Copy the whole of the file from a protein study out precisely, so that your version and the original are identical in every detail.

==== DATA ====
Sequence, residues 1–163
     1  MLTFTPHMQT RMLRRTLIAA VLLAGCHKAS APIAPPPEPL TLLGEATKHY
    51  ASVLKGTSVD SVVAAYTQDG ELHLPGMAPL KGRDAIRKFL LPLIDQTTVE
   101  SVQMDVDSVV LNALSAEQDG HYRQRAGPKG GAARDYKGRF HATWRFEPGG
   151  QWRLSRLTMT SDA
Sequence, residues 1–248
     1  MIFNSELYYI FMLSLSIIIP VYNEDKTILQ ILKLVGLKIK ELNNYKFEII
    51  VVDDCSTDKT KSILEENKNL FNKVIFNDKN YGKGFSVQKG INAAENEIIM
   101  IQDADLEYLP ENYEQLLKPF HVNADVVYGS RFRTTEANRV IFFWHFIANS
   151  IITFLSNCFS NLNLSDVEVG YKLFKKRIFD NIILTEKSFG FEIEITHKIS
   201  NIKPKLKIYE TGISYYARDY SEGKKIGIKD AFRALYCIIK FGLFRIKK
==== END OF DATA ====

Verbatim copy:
Sequence, residues 1–163
     1  MLTFTPHMQT RMLRRTLIAA VLLAGCHKAS APIAPPPEPL TLLGEATKHY
    51  ASVLKGTSVD SVVAAYTQDG ELHLPGMAPL KGRDAIRKFL LPLIDQTTVE
   101  SVQMDVDSVV LNALSAEQDG HYRQRAGPKG GAARDYKGRF HATWRFEPGG
   151  QWRLSRLTMT SDA
Sequence, residues 1–248
     1  MIFNSELYYI FMLSLSIIIP VYNEDKTILQ ILKLVGLKIK ELNNYKFEII
    51  VVDDCSTDKT KSILEENKNL FNKVIFNDKN YGKGFSVQKG INAAENEIIM
   101  IQDADLEYLP ENYEQLLKPF HVNADVVYGS RFRTTEANRV IFFWHFIANS
   151  IITFLSNCFS NLNLSDVEVG YKLFKKRIFD NIILTEKSFG FEIEITHKIS
   201  NIKPKLKIYE TGISYYARDY SEGKKIGIKD AFRALYCIIK FGLFRIKK